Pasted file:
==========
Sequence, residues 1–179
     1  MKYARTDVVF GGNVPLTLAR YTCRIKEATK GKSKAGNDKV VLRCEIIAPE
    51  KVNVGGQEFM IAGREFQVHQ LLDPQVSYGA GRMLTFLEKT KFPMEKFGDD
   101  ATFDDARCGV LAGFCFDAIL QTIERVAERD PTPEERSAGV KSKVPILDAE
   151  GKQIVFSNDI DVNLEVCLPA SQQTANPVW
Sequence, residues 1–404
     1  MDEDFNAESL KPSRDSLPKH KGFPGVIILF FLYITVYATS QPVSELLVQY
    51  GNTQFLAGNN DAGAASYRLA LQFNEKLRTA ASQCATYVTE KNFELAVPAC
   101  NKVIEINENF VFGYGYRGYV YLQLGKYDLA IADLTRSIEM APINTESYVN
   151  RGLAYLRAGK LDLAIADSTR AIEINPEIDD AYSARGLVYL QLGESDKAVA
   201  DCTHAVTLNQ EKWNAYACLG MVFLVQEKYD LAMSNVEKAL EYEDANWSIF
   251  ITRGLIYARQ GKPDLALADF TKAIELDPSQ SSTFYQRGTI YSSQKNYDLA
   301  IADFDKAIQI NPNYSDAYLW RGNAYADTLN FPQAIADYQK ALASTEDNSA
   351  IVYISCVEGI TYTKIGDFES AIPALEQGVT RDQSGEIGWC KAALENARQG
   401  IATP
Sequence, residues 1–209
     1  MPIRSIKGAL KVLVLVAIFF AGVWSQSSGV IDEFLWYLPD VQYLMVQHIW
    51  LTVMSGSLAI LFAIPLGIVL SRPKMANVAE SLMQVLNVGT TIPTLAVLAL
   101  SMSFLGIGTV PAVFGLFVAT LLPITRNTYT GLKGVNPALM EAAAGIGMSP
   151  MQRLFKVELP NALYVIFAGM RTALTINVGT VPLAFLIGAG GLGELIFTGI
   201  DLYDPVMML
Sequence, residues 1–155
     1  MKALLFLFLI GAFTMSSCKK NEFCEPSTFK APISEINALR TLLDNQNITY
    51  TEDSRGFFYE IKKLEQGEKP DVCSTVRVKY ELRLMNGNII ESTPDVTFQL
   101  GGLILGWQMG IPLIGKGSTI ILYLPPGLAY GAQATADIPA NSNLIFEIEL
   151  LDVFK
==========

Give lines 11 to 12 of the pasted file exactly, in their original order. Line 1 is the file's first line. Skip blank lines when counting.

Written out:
   201  DCTHAVTLNQ EKWNAYACLG MVFLVQEKYD LAMSNVEKAL EYEDANWSIF
   251  ITRGLIYARQ GKPDLALADF TKAIELDPSQ SSTFYQRGTI YSSQKNYDLA